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Office of Labor-Management Standards (OLMS)

U.S. Department of Labor       
Employment Standards Administration
Office of Labor-Management Standards
Washington, DC 20210

July 14, 2009

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Dear ||| ||||||:

This Statement of Reasons is in response to your complaint filed with the Department of Labor on April 14, 2009, alleging that violations of the election provisions of the Labor-Management Reporting and Disclosure Act of 1959 (LMRDA), 29 U.S.C. § 481, as made applicable to the elections of federal sector unions by 29 C.F.R. § 458.29 and the Civil Service Reform Act of 1978, 5 U.S.C. § 7120, occurred in connection with the election of officers conducted December 29, 2008, by American Federation of Government Employees (AFGE), Local 3369.

You raised several allegations in your protest regarding the union’s December 29, 2008 officer election.  Under Section 402(a) of the LMRDA, a member of a local organization who has exhausted the remedies available under the constitution and bylaws of such organization and of any parent body may file a complaint with the Secretary of Labor within one calendar month.  29 U.S.C. § 482(a).  Appendix A, Part III, Section 2 of the AFGE Constitution, requires that protests in local officer and delegate elections must be made to the local election committee prior to, during, or within 10 days after the election.

The Department investigation revealed that you attempted to protest the December 29, 2008 election by mailing a certified letter postmarked January 8, 2009 to the election committee.  Your letter, however, was returned to you as undeliverable because it had been mailed to the local union’s previous address at 136-65 37th Avenue, Room 206, Flushing, New York, rather than its current address at 138-50 Barclay Avenue, Flushing, New York.  The investigation revealed that after your protest letter was returned to you, you contacted the election committee chairperson who told you to mail it to her. You then mailed your protest to the election committee by express mail on January 12, 2009.  On January 13, 2009, your protest was received by election committee chairperson Sharon Ward.  The deadline for filing any protest of the December 29, 2009 election was January 8, 2009 (10 days after the December election), but your protest was received five days beyond the deadline.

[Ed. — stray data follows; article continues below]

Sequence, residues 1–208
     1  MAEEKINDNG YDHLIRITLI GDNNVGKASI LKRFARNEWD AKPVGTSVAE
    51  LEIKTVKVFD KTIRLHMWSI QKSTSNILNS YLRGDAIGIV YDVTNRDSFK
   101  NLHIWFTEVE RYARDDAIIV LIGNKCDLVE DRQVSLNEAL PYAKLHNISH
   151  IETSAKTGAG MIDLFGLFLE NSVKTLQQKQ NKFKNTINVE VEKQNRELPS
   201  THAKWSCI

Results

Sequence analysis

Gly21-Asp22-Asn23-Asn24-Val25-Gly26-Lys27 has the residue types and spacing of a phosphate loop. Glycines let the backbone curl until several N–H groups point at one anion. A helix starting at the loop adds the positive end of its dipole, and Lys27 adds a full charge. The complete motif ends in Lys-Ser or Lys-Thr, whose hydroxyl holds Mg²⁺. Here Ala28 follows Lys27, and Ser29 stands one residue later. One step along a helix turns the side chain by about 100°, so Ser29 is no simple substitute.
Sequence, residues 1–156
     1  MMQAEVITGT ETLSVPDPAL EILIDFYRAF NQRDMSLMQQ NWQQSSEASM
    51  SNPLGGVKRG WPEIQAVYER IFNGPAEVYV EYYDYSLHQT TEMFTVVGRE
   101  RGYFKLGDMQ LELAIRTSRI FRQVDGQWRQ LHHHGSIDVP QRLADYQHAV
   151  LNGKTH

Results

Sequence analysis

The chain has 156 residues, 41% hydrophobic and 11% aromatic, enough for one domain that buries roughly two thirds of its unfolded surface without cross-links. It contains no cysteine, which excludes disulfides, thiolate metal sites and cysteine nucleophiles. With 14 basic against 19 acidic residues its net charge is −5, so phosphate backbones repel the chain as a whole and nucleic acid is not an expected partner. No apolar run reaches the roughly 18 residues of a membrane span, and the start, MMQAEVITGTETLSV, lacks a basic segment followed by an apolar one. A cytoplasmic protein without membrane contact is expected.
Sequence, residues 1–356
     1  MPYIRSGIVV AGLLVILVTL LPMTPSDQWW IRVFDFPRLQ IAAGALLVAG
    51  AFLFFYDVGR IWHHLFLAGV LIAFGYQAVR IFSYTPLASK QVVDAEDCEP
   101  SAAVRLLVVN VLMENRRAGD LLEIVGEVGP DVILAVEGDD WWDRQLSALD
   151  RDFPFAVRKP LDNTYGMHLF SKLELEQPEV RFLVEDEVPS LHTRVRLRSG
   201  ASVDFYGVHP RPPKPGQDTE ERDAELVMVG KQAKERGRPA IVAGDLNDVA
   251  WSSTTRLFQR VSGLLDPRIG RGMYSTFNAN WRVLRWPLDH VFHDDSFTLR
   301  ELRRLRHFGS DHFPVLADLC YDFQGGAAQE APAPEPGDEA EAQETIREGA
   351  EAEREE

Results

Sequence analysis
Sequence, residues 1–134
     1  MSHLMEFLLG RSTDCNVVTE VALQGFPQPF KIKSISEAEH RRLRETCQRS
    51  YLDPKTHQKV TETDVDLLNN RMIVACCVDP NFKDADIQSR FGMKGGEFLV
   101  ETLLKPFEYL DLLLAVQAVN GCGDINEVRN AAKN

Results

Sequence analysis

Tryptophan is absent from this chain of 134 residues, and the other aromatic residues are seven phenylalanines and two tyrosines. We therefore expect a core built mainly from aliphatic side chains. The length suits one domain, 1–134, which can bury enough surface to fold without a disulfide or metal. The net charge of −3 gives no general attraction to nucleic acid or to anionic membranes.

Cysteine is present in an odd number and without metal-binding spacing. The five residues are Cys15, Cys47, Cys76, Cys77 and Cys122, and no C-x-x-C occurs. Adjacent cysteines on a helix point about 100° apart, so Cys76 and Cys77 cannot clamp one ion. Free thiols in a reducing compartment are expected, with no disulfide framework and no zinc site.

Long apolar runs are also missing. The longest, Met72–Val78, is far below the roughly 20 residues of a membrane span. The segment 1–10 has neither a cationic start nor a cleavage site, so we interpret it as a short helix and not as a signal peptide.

The investigation revealed that the local stopped using the 37th Avenue address approximately two and one-half years ago.  The local union’s June 13, 2006 membership meeting minutes show that Local 3369 moved its office to the current Barclay Avenue address on Friday, June 23, 2006.  The new address was announced at this meeting and recorded into the meeting minutes.  Also, the investigation revealed that the local’s correct Barclay Avenue address was listed on the letterhead used for the notice of nominations and election.  In addition, that same notice listed the local’s current mailing address in the text of the notice.  Even though this notice did not specify an address to which members should direct election protests, it contained the correct mailing address which should have been sufficient notice to you and other members of where to mail protests.  Inasmuch as the January 12 postmark date and the January 13 receipt by the election committee chairperson are both beyond the 10-day post-election protest period prescribed in the AFGE Constitution, you failed to file a timely protest of the December 29, 2008, election.  Consequently, you did not exhaust your internal remedies, and, as a result, the Secretary of Labor has no authority to consider the merits of your protest.  See 29 U.S.C. § 482. 

For the reasons set forth above, I have closed the file regarding this matter. 



Cynthia M. Downing
Chief, Division of Enforcement

cc:        John Gage, National President
            American Federation of Government Employees
            80 F Street N.W.
            Washington, DC 20001

            Andrew Poulos, President
            AFGE Local 3369
            138-50 Barclay Avenue
            Flushing, New York 11355

            Katherine Bissell, Associate Solicitor for Civil Rights and Labor-Management



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